UPS solutions for railway signaling

Modular, redundant UPS systems ensure the safe and continuous flow of rail traffic. Optimized investment in control and signaling systems maximizes the use of rail networks, and lowers the cost of new infrastructure and railway lines.
UPS systems ensure rail networks deliver efficient, punctual, secure and reliable service, providing uptimes in the range of 99.9999 percent.

The highest uptime capacity is essential because rail infrastructure is exploited 24 hours per day, 365 days a year, and high-speed rail traffic must be able to move in different directions without creating disruptions. This makes reliable signaling systems and accurate transit management key factors in the profitability of a railway system. ABB’s UPS systems for rail are designed to reliably protect the rail network’s power supplies, often from two redundant sources – the public power network and a private railway power supply.

A unique feature of ABB UPS systems is the interchangeability of modules, which radically reduces spare part count and simplifies servicing. A defective UPS module can be onlineswapped (removed or inserted) in 20 minutes, without risk to the critical load. 

This directly addresses continuous uptime requirements, significantly reduces MTTR (mean time to repair), reduces inventory levels of specialist spare parts, and simplifies system upgrades. The approach also pays off in terms of serviceability and availability – online swapping means there is no downtime and service personnel do not need special skills to replace or install modules.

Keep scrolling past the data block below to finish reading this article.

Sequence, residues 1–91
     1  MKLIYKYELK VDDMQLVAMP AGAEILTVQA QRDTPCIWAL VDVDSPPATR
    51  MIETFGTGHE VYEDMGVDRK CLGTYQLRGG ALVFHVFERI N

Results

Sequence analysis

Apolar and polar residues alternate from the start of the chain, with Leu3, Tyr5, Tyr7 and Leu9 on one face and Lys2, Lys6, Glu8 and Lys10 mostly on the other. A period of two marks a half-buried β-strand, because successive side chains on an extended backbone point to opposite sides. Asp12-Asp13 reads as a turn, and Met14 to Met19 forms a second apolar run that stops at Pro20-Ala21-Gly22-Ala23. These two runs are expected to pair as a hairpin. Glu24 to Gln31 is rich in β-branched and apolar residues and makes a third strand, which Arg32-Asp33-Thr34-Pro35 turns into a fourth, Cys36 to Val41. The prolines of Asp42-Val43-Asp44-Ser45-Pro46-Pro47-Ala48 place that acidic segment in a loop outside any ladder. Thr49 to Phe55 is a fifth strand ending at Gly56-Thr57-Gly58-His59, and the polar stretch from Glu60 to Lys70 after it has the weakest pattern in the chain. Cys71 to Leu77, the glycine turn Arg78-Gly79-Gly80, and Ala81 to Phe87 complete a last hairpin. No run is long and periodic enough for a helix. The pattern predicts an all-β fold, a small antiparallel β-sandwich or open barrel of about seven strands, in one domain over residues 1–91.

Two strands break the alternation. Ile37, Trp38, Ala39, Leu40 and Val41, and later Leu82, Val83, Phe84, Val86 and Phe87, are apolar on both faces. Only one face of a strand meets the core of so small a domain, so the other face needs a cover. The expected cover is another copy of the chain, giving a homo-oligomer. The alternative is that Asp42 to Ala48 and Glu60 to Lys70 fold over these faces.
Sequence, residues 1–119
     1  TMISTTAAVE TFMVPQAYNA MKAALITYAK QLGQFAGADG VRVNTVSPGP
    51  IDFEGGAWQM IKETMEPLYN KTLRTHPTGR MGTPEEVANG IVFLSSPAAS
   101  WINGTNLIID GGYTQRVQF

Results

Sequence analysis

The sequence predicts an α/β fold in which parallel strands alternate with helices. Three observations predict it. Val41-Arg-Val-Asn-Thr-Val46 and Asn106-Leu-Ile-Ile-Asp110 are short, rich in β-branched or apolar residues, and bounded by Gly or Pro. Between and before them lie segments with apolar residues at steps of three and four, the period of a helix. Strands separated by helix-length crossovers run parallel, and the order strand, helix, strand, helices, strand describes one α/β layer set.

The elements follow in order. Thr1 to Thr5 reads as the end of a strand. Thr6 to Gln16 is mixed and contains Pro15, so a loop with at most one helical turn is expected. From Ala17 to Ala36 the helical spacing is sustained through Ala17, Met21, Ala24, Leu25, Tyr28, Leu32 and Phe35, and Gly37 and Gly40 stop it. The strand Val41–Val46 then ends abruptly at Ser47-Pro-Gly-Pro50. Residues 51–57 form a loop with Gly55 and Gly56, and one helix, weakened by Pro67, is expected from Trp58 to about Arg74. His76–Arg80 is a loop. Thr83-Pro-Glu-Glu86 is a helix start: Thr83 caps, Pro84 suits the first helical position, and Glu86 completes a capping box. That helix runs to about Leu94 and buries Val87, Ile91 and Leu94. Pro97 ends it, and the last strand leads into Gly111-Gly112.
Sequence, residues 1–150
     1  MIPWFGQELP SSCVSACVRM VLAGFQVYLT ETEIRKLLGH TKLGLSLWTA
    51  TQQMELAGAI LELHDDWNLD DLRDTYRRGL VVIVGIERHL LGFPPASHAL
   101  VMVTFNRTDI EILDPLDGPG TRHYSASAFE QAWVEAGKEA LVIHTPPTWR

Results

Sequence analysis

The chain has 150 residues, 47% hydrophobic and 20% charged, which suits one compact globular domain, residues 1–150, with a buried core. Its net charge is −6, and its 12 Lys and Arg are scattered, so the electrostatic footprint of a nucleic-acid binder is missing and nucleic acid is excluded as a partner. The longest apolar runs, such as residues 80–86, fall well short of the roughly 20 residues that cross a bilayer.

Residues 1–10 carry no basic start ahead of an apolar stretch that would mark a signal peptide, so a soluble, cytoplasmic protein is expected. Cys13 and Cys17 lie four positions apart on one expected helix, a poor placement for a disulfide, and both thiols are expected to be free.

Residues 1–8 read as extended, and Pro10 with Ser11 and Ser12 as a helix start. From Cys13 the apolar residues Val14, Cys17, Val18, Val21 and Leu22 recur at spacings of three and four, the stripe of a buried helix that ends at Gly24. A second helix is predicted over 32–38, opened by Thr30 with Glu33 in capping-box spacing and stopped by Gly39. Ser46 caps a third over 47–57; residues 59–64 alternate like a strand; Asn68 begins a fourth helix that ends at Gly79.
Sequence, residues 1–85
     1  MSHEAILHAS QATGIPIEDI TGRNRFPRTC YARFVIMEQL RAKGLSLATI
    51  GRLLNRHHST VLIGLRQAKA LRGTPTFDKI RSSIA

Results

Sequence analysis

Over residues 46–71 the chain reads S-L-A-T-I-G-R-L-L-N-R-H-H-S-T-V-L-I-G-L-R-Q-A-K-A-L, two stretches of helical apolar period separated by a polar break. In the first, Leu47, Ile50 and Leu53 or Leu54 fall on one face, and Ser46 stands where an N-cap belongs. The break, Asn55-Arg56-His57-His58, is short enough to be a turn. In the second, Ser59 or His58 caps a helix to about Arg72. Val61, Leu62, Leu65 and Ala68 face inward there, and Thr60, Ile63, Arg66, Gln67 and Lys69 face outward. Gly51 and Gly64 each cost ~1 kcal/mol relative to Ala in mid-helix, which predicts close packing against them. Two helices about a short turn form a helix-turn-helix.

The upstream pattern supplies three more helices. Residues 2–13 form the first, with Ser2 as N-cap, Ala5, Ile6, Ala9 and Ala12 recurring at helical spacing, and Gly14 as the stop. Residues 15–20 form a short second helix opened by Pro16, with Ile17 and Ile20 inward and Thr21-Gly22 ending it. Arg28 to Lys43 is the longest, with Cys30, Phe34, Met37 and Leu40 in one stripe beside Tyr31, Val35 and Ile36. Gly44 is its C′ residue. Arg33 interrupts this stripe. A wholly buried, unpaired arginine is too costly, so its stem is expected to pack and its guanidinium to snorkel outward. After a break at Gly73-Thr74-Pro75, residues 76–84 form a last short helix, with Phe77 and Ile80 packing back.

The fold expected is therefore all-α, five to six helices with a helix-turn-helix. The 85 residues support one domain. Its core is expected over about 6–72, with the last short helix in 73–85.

Spares can be held on-site or at a nearby service center, improving availability and reducing cost as service engineers spend less time on-site, the risk of power loss is minimized and inventory levels of specialist spare parts are reduced.

ETCS (European Train Control System) is a signaling, control and train protection system set up to replace incompatible safety systems in European railways, especially on high-speed lines. ETCS power supplies are typically backed up by a diesel electric generator, which has a significant impact on the installation cost of the entire system, and, because it takes up considerable space, on system power density.

ABB’s solution not only aims to remove the backup diesel electric generator (and associated greenhouse emissions and noise), but to also increase the level of redundancy by adding a battery pack.

Where an independent second mains network is available, it can also be used in the backup power scheme. An ABB dual-frequency UPS converter makes it possible to harness the power networks of different frequencies, so the load can utilize either, or both, as appropriate. If a fault develops in one, the dual-frequency UPS feeds the critical load through the other. In the event of a fault in both independent networks, a third energy storage option – the UPS battery pack – would provide power needed, for example, by a control system like ETCS, ensuring zero downtime for the entire system.

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